Even more impressive is the fact that engineers say the 765LT’s lap time at “a reference track” undercuts that of the 720S by about 2.5sec, and that its braking distance from 125mph to a standstill is 110 metres – almost identical to the Senna. That’s small wonder, given that the 765LT’s carbon-ceramic discs and pads are shared with the Senna and its nose incorporates Formula 1-style caliper cooling ducts that cut pad temperatures by 50deg C.
However, McLaren stresses that this car works for drivers of all abilities at all speeds. “Our cars should work across the whole speed range with driver confidence at the forefront,” said chief test driver and Indy 500 winner Kenny Bräck. “We go about our tuning with this in mind. Take a 765LT on a mountain road in any weather and you’ll feel totally in control.”
The 765LT is clearly related to the 720S in its overall styling but considerably different in detail, mostly because of a comprehensive new set of aerodynamic parts to boost downforce and high-speed stability.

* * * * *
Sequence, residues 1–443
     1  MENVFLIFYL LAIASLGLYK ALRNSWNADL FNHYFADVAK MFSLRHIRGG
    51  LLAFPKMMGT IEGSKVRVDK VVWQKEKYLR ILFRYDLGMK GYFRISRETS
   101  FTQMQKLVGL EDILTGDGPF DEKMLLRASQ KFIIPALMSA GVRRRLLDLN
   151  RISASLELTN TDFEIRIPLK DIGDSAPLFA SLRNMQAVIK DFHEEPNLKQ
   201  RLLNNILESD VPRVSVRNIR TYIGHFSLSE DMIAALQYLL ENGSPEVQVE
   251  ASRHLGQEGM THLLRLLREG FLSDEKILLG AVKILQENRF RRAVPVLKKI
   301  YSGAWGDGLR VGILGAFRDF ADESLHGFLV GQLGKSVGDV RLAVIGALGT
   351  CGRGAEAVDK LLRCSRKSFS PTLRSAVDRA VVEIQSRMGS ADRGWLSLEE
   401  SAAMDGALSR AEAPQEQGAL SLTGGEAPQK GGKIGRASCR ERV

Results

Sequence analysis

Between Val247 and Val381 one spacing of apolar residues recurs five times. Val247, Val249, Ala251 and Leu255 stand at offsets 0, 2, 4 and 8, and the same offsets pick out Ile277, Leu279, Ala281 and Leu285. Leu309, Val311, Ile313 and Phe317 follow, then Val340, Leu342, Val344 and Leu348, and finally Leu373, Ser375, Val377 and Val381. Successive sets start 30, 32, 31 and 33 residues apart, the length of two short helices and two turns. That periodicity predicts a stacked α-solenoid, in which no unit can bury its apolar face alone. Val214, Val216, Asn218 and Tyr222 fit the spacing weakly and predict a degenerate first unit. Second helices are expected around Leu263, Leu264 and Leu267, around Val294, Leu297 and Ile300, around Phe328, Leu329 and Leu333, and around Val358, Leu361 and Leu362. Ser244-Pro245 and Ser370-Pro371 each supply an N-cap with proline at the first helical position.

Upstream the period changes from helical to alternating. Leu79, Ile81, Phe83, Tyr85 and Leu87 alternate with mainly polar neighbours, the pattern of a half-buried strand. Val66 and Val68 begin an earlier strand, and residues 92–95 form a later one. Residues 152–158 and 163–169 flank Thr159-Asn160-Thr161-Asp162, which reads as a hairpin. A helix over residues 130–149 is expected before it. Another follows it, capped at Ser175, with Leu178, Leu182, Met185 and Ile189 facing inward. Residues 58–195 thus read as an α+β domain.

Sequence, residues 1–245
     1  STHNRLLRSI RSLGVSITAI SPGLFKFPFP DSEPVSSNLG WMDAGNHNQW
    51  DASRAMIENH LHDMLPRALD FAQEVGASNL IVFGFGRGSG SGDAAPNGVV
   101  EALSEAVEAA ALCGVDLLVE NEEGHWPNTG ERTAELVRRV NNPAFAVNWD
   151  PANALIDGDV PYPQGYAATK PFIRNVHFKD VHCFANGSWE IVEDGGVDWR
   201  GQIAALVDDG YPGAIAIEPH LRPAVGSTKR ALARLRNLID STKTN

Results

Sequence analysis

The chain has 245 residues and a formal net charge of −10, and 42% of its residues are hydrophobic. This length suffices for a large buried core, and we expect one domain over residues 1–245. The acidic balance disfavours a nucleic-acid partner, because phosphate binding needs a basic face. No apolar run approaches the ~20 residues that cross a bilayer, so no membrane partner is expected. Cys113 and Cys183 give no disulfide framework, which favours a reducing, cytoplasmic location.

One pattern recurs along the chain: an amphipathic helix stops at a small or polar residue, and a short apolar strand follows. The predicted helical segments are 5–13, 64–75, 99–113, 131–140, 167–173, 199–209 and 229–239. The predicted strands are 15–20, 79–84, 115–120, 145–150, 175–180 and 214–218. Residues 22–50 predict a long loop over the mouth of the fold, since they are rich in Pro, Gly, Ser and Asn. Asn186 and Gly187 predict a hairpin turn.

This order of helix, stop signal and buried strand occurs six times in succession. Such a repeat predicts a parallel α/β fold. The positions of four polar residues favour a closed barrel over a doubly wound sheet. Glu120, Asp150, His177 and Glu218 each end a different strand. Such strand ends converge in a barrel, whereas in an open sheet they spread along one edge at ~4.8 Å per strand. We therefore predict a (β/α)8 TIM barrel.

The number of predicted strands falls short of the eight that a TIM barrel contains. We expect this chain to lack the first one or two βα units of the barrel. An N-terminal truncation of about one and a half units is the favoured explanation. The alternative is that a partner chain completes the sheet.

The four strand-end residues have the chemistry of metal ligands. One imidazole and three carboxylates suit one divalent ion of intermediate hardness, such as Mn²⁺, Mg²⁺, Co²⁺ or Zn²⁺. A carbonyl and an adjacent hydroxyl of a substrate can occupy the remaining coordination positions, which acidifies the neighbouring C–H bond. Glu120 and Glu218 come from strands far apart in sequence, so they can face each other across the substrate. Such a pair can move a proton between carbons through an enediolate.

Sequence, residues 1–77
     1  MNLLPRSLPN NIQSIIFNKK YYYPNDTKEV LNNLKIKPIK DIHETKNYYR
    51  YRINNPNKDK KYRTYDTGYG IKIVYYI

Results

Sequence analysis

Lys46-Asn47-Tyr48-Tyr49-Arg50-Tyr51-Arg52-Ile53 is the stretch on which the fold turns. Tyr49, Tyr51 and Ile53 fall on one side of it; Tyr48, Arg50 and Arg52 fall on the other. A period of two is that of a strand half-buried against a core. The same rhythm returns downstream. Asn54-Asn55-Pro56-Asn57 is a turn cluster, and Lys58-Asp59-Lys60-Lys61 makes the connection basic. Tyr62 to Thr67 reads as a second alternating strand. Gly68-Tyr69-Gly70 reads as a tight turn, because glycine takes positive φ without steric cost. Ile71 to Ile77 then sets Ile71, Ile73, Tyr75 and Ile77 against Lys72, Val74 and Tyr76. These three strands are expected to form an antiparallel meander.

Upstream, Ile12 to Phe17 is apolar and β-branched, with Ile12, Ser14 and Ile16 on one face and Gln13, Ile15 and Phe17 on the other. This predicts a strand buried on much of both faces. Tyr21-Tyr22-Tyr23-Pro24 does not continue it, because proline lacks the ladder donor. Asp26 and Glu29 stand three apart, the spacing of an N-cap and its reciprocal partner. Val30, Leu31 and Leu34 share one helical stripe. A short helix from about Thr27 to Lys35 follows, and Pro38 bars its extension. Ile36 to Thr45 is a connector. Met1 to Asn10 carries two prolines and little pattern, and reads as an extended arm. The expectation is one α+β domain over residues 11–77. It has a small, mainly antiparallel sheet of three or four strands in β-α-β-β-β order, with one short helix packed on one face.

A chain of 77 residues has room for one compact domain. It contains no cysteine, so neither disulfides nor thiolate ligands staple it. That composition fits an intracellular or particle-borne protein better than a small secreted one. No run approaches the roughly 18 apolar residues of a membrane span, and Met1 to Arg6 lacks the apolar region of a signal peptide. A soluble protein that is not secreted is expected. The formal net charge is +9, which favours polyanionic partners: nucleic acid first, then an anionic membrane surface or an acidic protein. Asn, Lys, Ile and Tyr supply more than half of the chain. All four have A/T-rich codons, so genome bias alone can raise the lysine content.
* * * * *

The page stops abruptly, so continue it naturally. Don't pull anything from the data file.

This is the first car to use carbonfibre components sourced from McLaren’s new composite factory nearSheffield. These include the front floor, rear bumper, ‘Longtail’ active rear spoiler, front bumper, splitter, side skirts and lengthened diffuser.
However, in this model’s case, the term ‘Longtail’ is only just correct. It has new rear bodywork featuring an exquisitely designed suite of four side-by-side titanium exhaust outlets (newly tuned for a “searing” soundtrack), but its rear overhang is only about 10mm greater than that of the 720S. The increase in the front overhang (40mm) is greater, due to the highly effective new splitter.
New brakes and tyres are joined by revised suspension. This uses lighter, single-rate springs with helpers and is stiffer both front and rear than that of 2015’s 675LT, which is regarded by experts as the 765LT’s most direct and distinguished predecessor.
Engineers say their biggest headache was shaving another 80kg from the 720S, already the lightest car in its class. At launch, they issued a long list of ‘wins’, the greatest of which was cutting 22kg by switching to ultralight forged alloy wheels with titanium bolts. Race-spec seats save 18kg, deleting the air conditioning 10kg and lighter carbonfibre panels 14.3kg. Even the new coil springs save 1.5kg.
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